Any dentist who owns a business can benefit from taking the steps to create a profitable, exitable dental practice. Whether you would like to sell your practice within the next year, next 10 years, or pass it down to your children, creating an exitable business pushes a dental practice into a valuable asset with intrinsic worth.

Taking these steps can also create freedom for the business owner as it pushes the business further down the path to ‘true’ business ownership. I often talk about the difference between what I call self-employment where the business hangs on the shoulders of one key person and true business ownership that revolves around a team and a set of systems.

And what is the key?

Creating a business that anyone can run by using the systems put in place to manage it.

It’s hard to see the frame when you’re standing in the picture.

Sometimes the easiest way to illustrate a point about dental practices is to compare it to another business. For this example, we will be discussing a roofing business.   Most people get into roofing because they know how to install shingles. After a while, they have enough business that they decide to hire additional help. The business owner is still heavily involved the day-to-day operations of the company.   Now, this could mean that you have a successful company with a crew of labourers that brings in good revenue. However, it might not be a sellable, exitable business. Most business owners are not roofers and unless you put a turnkey system in place that anyone can pick up and run, you are limiting your pool of potential buyers to roofers with a similar skill set to you.

The key is to recognise that whether you know it or not, this roofing company does have systems in place. They’re just not documented and reproducible. Yet.   These systems live in the knowledge and experience of the business owner. From how to quote a new roofing job to how to hire the right employees, there are ‘best practices’ the business owner has developed over time, even if they have not been put into so many words. Once they can be translated to systems that a new business owner could take over, the business becomes much more sellable.

Turnkey systems are the solution.

Turnkey systems make it possible for potential buyers to purchase your business and hire a manager to run it without requiring the insight of unique industry knowledge. This is great for strategic buyers interested in purchasing businesses they can run with a professional manager at the helm. This is also a great way to assuage any doubts or objections a potential buyer might have.   For example, if a buyer looking a roofing business is worried because they don’t know anything about installing shingles, the business owner can say, “Well, you won’t need to because my employees know how to do it.”   If the buyer sayings, “Well, I don’t know how to quote a roofing job. How do I know how to keep the profit margins intact?”   The business owner can say, “I’ve developed this spreadsheet programme. You input a few measurements and information to generate the cost and an appropriate quote so you can protect your margins and never underbid on a job.”   With a comprehensive business structure in place like this, it becomes easier to see how anyone interested in purchasing a business might be able to step in and take over the reins even if their background is in a very different industry. It’s possible for them to see how they can run the systems behind the business, even if they wouldn’t know how to price a roof job by looking at it.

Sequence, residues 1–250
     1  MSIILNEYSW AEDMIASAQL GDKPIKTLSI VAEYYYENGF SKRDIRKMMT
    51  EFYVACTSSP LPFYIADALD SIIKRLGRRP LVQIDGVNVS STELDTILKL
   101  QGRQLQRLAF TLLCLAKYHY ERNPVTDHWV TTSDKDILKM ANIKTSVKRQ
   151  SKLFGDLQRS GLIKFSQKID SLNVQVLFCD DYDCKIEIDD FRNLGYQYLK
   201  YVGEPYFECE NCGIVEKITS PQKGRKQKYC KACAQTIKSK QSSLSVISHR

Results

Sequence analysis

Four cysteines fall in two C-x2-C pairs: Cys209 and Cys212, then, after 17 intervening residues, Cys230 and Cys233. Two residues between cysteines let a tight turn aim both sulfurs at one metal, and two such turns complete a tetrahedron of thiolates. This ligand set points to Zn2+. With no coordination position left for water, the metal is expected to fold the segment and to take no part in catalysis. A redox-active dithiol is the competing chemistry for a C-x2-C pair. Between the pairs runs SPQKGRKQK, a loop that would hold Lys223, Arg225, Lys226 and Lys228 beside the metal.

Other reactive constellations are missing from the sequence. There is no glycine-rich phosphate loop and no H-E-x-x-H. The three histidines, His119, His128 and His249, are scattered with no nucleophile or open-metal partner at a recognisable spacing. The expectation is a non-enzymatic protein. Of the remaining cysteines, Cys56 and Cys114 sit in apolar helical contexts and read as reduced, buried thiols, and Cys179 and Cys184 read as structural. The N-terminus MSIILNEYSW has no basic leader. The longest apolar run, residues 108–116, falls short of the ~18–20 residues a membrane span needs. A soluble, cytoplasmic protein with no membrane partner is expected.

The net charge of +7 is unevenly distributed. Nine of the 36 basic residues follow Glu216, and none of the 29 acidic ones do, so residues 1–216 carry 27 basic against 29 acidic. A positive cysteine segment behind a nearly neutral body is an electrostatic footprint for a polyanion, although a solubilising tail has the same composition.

The right systems remove doubts and ensure success.

Imagine if you wanted to sell your dental practice, but the buyer leaned across the table to you and said, “What if your dental assistants leave? I need them more than you do because I don’t know how to do dental work.” What would you tell them?   It’s situations like these that can ease the pressure on buyers investing in a new business. The ability to show them how to hire good dentists, dental hygienists, and front desk staff, what competencies to focus on, and how to attract top talent, you can show that this is a sustainable business for them into the future.

The 3 keys to an exitable dental practice.

This example of a roofing business also applies to every dental practice. Until an external set of ‘best practices’ and systems has been set into place, the only other person able to purchase and run your dental practice is another dentist with a similar skill set.

  1. Understand that you do have systems. Ensure that you take the time to put down your thoughts and processes on paper so there’s captured documentation of your acquired knowledge running this business.
  2. Ensure your team knows their roles. A true business requires a team to work together to succeed. If your team knows their roles, the expectations for their roles, and how each position contributes to the larger picture.
  3. Create space between you and the business. You do not want to be the source of all knowledge for your business. If you cannot step away for a few days or weeks at a time without the business beginning to fall apart, it is important to start thinking about taking steps to make the necessary changes.

Final Words…

Working toward an exitable dental practice is a great idea for any dentist that owns his or her own business. Doing this creates spaces for you to take time away – whether it’s for a holiday or medical leave. What do you want your life to look like in five years? Ten years? Thinking about how you would like your practice to look in the future can help you design the right systems and structure to get there.   Creating these external systems that will help guide anyone to pick up the reins means that your business will have intrinsic value. It doesn’t need to be purchased by another dentist with your specific specialties. It can be purchased by a strategic buyer interested in running the business through a manager.